Q&A: How Do I Find a Photo Agency to Represent Me?

Question: How can I find a photography agency to work for, who will get my work out there by representing me?

Answer: Great question! Actually, there are two equally important answers to this question. Finding a photography agency to represent you and your work requires both the skill of learning how to market and present yourself, as well as learning exactly how to source out the right agency for you. Naturally, the specifics on how to do all this will ultimately be different for each individual. We all have different strengths to play to, different genres of photography we enjoy shooting, and a wide range of geographic considerations. Hopefully the following tips can lead you in the right direction to finding the best agency suited for you.

How to market (sell) yourself

If you are interested in becoming a professional photographer, marketing yourself is going to be the most important skill you can have (even more important than the great quality of your photos). First, people have to be able to locate you easily. Second, they have to be able to effortlessly have access to viewing your work.

Should you have a website?

If you want to put yourself  “out there,” then the quickest and most cost effective way is to make sure you have your own website. Not only does it instill a sense of professional reputation for your potential agency, it also puts you on a more level playing field to all of the other professionals who have their web galleries going for them. If possible, I strongly recommend setting up your own web gallery with your name as the domain name. Sometimes this may not be possible if you have a popular name such as “John Smith,” and you’ll have to get creative in this case.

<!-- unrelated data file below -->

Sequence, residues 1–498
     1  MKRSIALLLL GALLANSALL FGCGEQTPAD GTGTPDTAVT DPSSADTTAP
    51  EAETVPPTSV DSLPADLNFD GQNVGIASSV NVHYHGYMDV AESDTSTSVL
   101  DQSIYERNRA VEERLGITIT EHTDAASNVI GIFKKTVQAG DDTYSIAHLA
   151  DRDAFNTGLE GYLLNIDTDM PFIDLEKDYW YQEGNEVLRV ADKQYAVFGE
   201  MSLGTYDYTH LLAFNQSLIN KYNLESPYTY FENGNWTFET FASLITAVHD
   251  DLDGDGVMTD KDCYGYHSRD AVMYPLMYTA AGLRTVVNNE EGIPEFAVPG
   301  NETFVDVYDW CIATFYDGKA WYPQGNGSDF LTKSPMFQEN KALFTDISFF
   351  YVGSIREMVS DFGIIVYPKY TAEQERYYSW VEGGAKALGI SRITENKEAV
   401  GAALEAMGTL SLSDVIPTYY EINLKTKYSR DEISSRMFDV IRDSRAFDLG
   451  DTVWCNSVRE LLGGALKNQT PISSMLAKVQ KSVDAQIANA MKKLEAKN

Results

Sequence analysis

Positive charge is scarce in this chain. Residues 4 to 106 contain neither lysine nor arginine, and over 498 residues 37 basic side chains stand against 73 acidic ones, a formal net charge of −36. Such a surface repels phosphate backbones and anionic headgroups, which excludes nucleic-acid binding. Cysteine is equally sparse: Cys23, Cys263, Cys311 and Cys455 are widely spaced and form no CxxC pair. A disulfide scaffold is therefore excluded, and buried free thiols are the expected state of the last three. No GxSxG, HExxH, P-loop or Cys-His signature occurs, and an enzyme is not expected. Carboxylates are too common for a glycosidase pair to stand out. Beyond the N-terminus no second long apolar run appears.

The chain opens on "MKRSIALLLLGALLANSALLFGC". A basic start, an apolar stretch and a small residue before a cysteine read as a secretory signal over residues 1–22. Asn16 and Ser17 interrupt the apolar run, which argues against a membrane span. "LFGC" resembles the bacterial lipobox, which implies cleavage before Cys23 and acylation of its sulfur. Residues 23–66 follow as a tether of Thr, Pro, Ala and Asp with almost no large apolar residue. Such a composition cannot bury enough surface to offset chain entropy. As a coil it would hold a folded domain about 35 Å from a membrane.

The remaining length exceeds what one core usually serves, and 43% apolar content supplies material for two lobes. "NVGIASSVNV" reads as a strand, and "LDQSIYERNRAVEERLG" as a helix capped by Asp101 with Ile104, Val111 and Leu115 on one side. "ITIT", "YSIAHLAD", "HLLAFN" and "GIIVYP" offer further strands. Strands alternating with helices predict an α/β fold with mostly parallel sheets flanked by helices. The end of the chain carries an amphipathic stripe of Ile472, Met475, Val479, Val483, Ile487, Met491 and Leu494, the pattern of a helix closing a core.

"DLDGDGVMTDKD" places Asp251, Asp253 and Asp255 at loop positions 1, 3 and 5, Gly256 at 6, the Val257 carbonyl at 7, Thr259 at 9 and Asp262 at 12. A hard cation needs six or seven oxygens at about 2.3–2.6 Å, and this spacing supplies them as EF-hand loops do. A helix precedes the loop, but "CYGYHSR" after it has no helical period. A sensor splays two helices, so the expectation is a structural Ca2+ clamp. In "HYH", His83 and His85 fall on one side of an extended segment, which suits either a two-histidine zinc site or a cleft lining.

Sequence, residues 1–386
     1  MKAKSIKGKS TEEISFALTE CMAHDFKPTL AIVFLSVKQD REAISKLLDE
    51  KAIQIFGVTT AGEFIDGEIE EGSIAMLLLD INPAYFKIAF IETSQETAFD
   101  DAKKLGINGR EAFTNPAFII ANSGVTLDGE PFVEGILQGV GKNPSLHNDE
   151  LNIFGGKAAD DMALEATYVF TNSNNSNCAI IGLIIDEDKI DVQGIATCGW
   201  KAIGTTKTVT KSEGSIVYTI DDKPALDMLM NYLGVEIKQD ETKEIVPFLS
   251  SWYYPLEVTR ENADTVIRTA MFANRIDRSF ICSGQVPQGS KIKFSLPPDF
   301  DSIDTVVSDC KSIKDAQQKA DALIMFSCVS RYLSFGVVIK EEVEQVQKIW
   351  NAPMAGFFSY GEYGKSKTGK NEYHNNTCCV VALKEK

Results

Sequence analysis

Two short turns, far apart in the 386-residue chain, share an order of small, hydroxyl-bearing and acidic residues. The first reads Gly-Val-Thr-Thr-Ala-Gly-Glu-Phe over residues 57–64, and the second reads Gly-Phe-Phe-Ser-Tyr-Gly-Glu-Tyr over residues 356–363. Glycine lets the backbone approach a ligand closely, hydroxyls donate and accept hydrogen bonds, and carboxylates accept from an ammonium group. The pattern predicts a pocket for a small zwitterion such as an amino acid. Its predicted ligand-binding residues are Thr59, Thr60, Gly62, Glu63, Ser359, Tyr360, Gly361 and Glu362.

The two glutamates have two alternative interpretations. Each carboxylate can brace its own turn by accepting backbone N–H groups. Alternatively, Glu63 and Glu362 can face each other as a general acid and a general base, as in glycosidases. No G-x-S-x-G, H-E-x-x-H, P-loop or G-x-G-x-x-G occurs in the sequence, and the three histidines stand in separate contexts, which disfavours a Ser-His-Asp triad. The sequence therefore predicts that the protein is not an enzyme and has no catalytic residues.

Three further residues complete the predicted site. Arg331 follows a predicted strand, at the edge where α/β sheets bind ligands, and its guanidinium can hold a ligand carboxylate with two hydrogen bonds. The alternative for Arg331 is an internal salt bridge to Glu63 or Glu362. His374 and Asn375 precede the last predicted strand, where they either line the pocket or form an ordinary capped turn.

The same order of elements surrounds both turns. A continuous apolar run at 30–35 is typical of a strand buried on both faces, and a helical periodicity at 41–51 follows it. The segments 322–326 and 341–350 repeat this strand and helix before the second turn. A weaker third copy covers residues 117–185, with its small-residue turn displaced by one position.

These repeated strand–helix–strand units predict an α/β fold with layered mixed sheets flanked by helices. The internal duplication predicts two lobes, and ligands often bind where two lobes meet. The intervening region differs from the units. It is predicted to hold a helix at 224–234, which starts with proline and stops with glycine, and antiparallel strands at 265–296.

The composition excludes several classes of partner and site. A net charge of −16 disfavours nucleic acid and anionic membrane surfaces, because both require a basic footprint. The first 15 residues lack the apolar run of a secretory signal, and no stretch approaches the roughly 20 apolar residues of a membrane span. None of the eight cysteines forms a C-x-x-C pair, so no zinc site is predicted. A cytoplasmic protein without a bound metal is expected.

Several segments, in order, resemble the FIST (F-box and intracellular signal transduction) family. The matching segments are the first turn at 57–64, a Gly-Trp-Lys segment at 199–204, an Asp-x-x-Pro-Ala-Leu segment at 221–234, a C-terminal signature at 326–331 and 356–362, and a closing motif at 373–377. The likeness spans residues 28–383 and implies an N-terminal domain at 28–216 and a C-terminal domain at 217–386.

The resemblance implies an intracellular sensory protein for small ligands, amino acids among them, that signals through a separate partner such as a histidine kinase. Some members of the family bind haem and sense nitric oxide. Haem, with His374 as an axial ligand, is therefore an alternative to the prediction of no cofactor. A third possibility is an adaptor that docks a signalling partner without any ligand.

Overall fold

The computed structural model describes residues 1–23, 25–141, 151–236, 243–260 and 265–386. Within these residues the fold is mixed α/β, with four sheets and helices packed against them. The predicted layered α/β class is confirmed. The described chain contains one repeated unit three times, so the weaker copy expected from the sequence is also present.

If you have no experience in creating websites, it really doesn’t have to be difficult. There are some great web hosting companies like 1and1, Bluehost, etc.. which offer pre-made photo gallery templates for your site; all you have to do is upload your photography. Also, if you are a Photoshop, Lightroom, or Photoshop Elements user, these programs now have built in photo-gallery website creation tools built-in. It’s become as easy as choosing a template and picking the photos you would like to showcase on your website. The software creates a folder containing all of the website code, structure, and files, then you simply upload it to your web hosting service.

At the very least, if you do not wish to have your own website (as an aspiring professional, I can’t imagine why not!), there are some great free services you can use such as free sites like Flickr for photo-sharing. However, you are going to present a more professional impression by having your own website.

Traditional Portfolio

One of the things which many people neglect these days is maintaining a traditional portfolio. “What’s that?” you say… Prints in a digital world?! There is a huge beneficial “wow” factor when presenting physical prints of your work in a nicely bound portfolio. Now days, most photographers direct potential employers to their website, which is good, but lacks a real personal touch. Giving a potential employer something tangible to see and feel will help you to leave a more lasting impression. It also demonstrates that you know what you are doing when it comes to both photography and PRESENTATION.

Remember, there are literally hundreds (if not thousands) of aspiring professionals also looking to get hired. You can’t presume that your great work is any better than theirs, but you can give yourself a leg-up on them by not only selling your work, but also selling yourself. Before you can even do that much, you’ve got to find an agency to sell yourself to!